I am sorry I doubted your says but as I said, I have irrefutable proof that things happened as you mentined.

I have also been informed that some Argentine officer was heavily mistreated after the cease fire including a "staged" firing squad. Apparently it had to do with the same episode.

Fair is fair and I am ashamed of what happened that morning, I consider that event as a consecuence of the nervous tension of the moment as we all know that those 60 Argentines were there alone and by the time they realized they had an ongoing landing, seeing half the RN landing must have been a terrible thing and thus that excess hapened.

If anyone related to the death pilot read this words, I offer my most sincere apologies as I am sure every Argentine soldier does too. People should not be shot at when defenseless and fighting for their lives.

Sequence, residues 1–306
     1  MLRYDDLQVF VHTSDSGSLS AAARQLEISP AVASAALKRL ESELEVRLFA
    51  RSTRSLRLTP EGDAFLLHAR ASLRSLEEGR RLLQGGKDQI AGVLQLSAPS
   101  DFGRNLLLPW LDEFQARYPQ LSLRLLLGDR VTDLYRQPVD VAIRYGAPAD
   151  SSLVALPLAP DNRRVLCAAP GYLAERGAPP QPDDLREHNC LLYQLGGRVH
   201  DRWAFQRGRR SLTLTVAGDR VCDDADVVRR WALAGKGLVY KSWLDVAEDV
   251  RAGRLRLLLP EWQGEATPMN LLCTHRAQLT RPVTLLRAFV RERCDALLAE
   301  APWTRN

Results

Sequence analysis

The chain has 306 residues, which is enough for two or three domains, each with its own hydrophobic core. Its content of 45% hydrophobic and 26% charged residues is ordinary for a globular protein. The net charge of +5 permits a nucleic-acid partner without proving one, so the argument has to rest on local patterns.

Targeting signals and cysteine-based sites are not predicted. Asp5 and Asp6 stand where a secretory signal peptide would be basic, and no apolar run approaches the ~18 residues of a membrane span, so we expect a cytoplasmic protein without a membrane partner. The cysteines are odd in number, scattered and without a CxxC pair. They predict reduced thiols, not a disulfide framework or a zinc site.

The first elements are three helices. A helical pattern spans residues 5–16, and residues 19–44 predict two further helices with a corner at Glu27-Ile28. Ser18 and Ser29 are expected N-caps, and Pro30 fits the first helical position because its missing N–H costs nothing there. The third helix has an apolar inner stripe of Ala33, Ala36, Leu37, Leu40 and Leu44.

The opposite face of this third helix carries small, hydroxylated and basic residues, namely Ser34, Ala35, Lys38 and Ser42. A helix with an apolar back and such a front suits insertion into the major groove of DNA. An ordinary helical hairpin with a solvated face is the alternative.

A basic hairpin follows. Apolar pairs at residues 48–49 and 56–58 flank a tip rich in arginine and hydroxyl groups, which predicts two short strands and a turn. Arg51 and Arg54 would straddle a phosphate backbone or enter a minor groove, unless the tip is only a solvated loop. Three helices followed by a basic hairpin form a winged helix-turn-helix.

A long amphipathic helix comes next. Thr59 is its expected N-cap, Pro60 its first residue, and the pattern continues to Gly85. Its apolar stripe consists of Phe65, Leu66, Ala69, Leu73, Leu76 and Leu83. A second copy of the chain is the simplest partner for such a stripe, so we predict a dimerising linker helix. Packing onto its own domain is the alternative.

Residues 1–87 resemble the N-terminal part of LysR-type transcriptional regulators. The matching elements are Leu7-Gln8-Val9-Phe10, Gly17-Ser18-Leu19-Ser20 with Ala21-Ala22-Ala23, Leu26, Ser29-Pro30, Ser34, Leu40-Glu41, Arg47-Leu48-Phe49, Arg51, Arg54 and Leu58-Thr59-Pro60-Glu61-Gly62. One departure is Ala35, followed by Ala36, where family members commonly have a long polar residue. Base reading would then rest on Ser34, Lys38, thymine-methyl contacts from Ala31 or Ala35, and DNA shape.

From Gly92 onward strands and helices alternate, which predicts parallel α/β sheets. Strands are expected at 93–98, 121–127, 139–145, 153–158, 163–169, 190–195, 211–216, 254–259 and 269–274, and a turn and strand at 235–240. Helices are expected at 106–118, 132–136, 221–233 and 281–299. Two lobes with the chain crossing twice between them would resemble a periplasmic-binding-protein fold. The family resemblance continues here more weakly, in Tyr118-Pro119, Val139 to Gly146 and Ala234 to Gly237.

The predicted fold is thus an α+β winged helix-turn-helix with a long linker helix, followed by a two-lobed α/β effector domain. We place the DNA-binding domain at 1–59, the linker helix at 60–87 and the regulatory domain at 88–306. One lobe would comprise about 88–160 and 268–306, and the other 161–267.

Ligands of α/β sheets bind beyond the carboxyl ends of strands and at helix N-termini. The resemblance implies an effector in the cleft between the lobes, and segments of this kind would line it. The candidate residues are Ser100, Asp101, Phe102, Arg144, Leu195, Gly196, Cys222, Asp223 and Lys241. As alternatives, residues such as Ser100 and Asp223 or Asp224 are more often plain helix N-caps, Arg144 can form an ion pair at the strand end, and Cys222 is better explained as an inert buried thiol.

Pánzon.

Pánzon
04-29-2008, 05:37 PM
Lone Ranger,

I have already "dropped" a few lines regarding your request, please understand that we are on the 26th aniversary and the minds of the people you need contact with is at the moment mourning and remembering.

Actually, the day after tomorrow is the 26th aniversary of the "baptism of fire" of the Argentine Air Force on the 1st of May of 1982 when several beloved pilots lost their life such as the then Cap. Gustavo García Cuerva and 1st Lt. José Leonidas Ardiles (cousin of "Ossie") who confronted a section of "experten" of the NAS 801 alone as his wingman could not take off due to aircraft malfunction on take off........ 1st Lt. Ardiles decided to tempt his luck alone on the mission, which speaks about the alloy of which his balls were forged on.

Answer will, if it ever gets to me, take some time, but I have not forgoten.

Pánzon.